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Size and Appearance

General:  Black bears are 4 to 7 feet from nose to tail, 2 to 3 feet high at the shoulders, and have small eyes, rounded ears, a long snout, a short tail, and light gray skin.  Their fur is shaggy or sleek, depending upon the season.

Compared to grizzly bears:  Black bears average smaller than grizzly bears, have a smaller shoulder hump, and a less concave facial profile.  Their claws are smaller and more tightly curved for climbing trees.  Their fur is less shaggy.  Their ears are longer, smoother, and more tapered.  They have a furred rear instep, unlike the grizzly.

Fur color:  Black bears come in more colors than any other North American mammal.  They are almost always black in eastern populations but are brown, cinnamon, black, or occasionally blond in western populations.  Other color phases are white and bluish-gray as shown in the exhibit on color phases.

Individual black bears can be recognized by:

  • the muzzle color and pattern of black, brown, and blond fur

  • the shape and shade of brown of their eyebrow patches, if present

  • the shape and extent of white chest patches, if present.  These range from a few white hairs to conspicuous patches


Cub traits:  Cubs’ blue eyes turn brown within a year.  Brown patches on the front and back of their ears usually disappear within a year.

Vision:  Bears see in color and have good vision close-up.  Their distance vision (over two hundred yards) has not been tested.

Hearing:  Exceeds human frequency ranges and probably twice the sensitivity.

Smelling:  Their smelling ability is extremely good.  The limits are untested.  Their nasal mucosa area is about 100 times larger than in humans.

Intelligence:  Large brain compared to body size.  One of the more intelligent mammals.  Navigation ability superior to humans.  Excellent long-term memory.  Can generalize to the simple concept level.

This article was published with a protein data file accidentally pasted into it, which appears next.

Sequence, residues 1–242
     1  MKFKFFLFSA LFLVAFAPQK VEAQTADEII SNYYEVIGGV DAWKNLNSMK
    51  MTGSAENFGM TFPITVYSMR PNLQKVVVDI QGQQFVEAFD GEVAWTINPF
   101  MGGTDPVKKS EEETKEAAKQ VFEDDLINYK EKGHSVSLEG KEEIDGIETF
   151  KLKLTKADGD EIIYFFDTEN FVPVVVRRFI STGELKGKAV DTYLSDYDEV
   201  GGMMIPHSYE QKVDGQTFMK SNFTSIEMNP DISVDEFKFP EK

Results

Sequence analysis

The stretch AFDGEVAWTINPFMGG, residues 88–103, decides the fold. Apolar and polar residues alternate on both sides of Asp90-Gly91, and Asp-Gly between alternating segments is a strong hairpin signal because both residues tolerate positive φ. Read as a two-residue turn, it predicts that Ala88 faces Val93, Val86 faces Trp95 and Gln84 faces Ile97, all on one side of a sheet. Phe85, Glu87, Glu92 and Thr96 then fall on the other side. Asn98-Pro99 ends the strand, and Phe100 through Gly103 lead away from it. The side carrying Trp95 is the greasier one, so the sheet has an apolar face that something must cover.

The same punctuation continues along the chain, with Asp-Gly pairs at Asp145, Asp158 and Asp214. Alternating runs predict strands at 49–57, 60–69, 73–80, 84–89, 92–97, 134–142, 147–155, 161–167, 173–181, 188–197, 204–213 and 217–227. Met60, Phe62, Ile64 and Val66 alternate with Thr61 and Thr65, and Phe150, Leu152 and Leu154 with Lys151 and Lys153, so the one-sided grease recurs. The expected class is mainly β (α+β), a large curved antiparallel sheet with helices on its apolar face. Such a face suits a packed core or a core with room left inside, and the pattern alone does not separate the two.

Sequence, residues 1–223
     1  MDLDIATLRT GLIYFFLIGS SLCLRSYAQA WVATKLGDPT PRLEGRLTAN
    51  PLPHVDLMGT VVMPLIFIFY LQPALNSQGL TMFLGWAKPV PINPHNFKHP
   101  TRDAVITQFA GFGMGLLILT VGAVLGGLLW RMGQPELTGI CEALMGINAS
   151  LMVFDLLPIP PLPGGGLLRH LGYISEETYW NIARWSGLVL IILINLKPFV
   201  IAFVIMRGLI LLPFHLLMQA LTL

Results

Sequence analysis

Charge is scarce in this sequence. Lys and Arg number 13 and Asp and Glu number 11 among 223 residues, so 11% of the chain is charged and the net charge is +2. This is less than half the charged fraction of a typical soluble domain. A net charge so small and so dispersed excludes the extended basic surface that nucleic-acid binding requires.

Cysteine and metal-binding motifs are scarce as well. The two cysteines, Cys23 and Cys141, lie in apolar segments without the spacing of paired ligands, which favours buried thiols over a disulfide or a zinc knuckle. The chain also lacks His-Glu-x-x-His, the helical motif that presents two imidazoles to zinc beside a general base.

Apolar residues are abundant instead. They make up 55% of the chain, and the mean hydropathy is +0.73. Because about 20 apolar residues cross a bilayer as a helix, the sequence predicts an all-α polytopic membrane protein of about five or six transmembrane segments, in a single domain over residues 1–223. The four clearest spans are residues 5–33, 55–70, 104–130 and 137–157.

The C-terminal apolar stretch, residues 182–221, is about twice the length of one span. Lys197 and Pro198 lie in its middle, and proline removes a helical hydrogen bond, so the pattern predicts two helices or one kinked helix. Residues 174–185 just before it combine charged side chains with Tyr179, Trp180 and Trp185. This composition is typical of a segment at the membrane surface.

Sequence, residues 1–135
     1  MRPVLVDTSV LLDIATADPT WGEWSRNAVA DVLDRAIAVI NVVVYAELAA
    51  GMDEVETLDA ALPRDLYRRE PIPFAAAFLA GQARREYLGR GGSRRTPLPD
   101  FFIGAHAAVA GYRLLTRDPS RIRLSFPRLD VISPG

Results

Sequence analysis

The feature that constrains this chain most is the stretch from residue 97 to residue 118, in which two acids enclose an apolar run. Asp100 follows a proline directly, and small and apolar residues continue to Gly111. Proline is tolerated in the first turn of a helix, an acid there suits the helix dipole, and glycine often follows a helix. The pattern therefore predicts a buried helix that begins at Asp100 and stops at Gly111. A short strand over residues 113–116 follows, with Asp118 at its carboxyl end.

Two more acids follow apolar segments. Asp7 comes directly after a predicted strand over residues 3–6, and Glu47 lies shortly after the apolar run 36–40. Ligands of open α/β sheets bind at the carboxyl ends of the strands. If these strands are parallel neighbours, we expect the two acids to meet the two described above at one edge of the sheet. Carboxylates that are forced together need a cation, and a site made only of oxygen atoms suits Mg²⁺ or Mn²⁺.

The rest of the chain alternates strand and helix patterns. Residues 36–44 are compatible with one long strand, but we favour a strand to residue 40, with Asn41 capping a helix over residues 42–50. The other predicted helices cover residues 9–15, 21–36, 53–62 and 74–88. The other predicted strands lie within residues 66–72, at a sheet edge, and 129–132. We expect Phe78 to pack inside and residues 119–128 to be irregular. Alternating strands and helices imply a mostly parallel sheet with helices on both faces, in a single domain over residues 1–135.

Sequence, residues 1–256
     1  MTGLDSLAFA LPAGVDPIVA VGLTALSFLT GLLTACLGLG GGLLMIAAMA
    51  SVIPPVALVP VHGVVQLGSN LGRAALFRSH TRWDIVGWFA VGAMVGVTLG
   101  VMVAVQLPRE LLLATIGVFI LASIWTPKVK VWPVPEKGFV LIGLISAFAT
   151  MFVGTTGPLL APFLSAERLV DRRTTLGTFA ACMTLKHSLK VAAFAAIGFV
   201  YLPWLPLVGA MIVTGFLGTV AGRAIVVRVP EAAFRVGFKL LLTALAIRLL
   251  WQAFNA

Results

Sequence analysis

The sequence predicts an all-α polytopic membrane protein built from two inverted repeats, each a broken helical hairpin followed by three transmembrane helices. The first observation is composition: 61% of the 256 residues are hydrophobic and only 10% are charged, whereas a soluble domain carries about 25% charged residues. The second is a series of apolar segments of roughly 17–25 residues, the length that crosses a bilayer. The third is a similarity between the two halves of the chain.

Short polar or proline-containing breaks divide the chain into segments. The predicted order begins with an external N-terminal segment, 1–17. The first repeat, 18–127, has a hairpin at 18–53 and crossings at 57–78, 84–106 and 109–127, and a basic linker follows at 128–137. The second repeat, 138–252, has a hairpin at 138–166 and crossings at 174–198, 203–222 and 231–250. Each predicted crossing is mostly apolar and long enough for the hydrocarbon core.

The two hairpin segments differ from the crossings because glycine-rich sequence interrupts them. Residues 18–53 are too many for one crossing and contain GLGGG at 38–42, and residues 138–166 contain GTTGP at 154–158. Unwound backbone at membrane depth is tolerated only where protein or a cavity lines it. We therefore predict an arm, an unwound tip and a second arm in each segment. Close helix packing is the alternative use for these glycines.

Vocalizations:  Usually silent (except in movies in which sounds are dubbed in).  A variety of grunts in amiable situations.  Loud blowing noises when frightened.  Clack teeth when frightened.  They use a resonant, humanlike “voice” to express a range of emotions from pleasure to fear.  Does not threaten by growling (except in movies).  In story-telling, any sound a bear makes is called a growl.

Swimming ability:  Good.  Speed and distance limits are untested.  Can swim at least a mile and a half in fresh water.  One swam more than 9 miles in the Gulf of Mexico.  Can swim to island campsites.

Running Speed:  Lean bears can exceed 30 mph.  Can run uphill, downhill, or on level ground.  Fat bears in winter coats overheat and tire quickly.

Daily Activity Period:  Most bears become active a half-hour before sunrise, take a nap or two during the day, and bed down for the night an hour or two after sunset.  However, some bears are active at night to avoid people or bears.

Preferred Foods:  Nuts, acorns, fruit, insects, succulent greens.  Meat and less succulent greens are eaten when preferred foods are scarce.  A scarcity of preferred foods can result in failed reproduction, stunted growth, failure to add optimal amounts of fat, and death of young bears, especially cubs.